Obviously, if you earn all As, your GPA will increase more rapidly. But it's important to be realistic about your plans, so use whatever combination makes the most sense to you, even if it means you will need to take more semesters to return to good standing.

There are a number of resources available at LCSC to support you in succeeding academically. Be proactive in seeking the help you need, and remember there are many people who want to see you be successful. Review the following resources to determine which would be helpful to you. List the ones you plan to utilize in the upcoming term in Section 6 of your worksheet.

Advisor and Faculty Mentor

Your Advisor and Faculty Mentor (listed in WarriorWeb) can help you identify issues that have affected your performance, and help you devise a plan to succeed.  Be sure to stay in touch with your advisor when you are on academic probation or any time you are concerned that you’re not doing well in your classes.

Accessibility Services

The Accessibility Services office offers support, accommodations, and resources for students with both short and long-term disabilities.

Career Center

Staff at the Student Employment Career Center can help you clarify your post-LCSC career goals. Clarifying your goals can be very important to your academic success.

Counseling Center

Counseling is available to LCSC students in person or online.  If stress or mental health is affecting your performance, be sure to take advantage of this valuable resource.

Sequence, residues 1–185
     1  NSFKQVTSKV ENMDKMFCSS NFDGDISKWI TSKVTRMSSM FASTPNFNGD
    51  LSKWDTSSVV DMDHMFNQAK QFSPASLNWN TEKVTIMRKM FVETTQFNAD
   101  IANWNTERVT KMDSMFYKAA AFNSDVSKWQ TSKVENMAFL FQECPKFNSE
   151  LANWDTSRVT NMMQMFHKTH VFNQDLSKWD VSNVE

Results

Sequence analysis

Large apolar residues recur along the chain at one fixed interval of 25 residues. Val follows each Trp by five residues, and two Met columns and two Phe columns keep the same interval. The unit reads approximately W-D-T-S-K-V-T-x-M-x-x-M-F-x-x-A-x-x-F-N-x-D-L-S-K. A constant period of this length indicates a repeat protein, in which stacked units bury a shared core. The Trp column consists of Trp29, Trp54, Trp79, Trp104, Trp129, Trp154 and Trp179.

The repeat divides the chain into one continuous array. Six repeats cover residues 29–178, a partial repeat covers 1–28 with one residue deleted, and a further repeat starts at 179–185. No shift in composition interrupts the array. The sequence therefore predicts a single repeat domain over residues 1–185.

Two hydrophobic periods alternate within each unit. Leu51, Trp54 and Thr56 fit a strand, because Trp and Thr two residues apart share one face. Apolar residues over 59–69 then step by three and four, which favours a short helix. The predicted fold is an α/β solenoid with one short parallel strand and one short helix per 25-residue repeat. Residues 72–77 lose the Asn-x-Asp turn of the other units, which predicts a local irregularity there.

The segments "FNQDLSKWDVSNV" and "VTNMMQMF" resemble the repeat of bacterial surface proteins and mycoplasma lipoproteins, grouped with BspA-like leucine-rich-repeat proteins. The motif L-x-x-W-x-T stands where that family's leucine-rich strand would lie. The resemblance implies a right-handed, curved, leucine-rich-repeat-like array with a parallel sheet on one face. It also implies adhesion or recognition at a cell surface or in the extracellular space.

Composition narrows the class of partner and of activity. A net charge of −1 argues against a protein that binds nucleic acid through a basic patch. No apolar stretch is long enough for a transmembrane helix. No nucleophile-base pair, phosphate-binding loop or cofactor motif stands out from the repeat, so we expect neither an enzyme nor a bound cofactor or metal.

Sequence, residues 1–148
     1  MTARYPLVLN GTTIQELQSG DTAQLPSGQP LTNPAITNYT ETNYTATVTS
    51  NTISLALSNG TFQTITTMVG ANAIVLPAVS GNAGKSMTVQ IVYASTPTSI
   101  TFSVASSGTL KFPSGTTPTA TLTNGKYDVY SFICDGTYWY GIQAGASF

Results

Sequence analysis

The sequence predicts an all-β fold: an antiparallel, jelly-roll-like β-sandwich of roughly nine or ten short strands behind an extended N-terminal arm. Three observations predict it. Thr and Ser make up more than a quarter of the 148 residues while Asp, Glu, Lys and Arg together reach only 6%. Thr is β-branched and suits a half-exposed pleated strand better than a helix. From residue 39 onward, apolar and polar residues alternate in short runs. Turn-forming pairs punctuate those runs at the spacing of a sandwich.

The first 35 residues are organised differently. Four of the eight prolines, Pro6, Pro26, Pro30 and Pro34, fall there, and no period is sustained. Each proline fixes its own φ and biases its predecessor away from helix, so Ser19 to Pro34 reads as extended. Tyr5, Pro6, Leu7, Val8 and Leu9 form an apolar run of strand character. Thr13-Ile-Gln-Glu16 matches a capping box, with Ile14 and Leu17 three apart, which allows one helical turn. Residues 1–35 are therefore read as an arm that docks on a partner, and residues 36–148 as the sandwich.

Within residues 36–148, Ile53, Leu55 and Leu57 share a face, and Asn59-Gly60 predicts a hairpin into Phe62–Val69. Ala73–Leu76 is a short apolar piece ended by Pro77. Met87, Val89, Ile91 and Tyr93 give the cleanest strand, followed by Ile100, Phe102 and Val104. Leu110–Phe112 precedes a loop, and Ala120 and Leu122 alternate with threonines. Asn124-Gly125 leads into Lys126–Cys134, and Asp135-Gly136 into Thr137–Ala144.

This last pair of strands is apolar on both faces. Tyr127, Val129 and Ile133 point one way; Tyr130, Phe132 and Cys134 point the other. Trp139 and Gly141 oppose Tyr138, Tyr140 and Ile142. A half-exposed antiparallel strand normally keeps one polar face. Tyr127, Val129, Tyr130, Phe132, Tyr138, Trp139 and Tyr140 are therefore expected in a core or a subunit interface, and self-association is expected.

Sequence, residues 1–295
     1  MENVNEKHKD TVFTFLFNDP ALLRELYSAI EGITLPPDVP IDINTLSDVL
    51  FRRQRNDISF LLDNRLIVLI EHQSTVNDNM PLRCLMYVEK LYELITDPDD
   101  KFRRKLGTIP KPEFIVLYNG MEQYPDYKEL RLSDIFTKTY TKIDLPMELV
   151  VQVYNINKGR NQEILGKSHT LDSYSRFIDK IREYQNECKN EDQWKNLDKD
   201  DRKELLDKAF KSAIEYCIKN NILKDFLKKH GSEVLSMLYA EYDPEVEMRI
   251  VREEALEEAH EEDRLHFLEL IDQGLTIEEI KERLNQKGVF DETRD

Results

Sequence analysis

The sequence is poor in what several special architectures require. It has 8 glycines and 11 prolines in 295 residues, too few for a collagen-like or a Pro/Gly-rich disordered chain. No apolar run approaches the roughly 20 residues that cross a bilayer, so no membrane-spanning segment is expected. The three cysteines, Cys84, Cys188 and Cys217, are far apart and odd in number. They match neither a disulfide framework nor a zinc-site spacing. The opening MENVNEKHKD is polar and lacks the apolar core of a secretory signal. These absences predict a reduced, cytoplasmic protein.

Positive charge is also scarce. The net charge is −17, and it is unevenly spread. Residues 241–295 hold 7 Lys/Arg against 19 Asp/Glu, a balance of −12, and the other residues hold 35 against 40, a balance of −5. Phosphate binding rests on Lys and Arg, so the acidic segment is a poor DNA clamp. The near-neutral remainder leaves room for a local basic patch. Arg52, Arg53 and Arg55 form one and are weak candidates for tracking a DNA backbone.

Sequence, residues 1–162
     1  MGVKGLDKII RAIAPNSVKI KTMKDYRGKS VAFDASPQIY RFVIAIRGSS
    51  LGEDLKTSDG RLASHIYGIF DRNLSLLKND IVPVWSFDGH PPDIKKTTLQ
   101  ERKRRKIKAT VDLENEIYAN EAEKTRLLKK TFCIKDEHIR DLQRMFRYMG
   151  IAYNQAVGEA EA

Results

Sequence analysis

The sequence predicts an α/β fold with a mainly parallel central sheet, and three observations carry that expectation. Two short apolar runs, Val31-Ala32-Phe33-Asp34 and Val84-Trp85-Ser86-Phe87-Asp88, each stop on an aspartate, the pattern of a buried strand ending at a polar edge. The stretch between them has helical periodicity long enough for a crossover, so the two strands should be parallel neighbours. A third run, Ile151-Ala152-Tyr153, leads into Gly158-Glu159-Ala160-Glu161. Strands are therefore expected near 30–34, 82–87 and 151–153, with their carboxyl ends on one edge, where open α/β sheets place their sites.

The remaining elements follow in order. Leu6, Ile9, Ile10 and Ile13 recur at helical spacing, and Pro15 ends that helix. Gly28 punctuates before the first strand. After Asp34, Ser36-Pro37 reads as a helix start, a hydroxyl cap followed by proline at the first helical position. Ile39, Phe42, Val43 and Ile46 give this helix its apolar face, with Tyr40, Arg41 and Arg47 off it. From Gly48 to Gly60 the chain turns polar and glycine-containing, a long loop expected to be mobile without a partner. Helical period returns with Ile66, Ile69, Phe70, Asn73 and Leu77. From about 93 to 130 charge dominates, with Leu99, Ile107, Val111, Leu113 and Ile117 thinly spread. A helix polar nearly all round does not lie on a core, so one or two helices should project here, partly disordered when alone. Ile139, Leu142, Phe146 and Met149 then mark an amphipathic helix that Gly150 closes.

Student Success Center

Tutoring is available for all subjects, as well as peer mentoring, printing, etc.

Spanish Lab

Tutors are available to help with homework or extra conversation practice.

Writing Center

Tutors are available to help you with writing in all subject areas.

Congratulations on making it through this workshop!

Once you complete the worksheet, select your advisor from the drop-down menu. Your advisor will receive a copy of your answers to go over with you at your appointment.

Now it's time to schedule an appointment with your advisor to discuss your worksheet.

Best wishes for a happy and successful semester!

Student Success Seminar

This seminar focuses on helping you develop the skills necessary to be more successful in college and in the world of work. If you feel like you could benefit from instruction on how to be a college student, this seminar is for you!

Wednesday, February 8, 20233:00 - 5:00 p.m.ACW 134
Thursday, March 23, 20233:00 - 5:00 p.m.ACW 134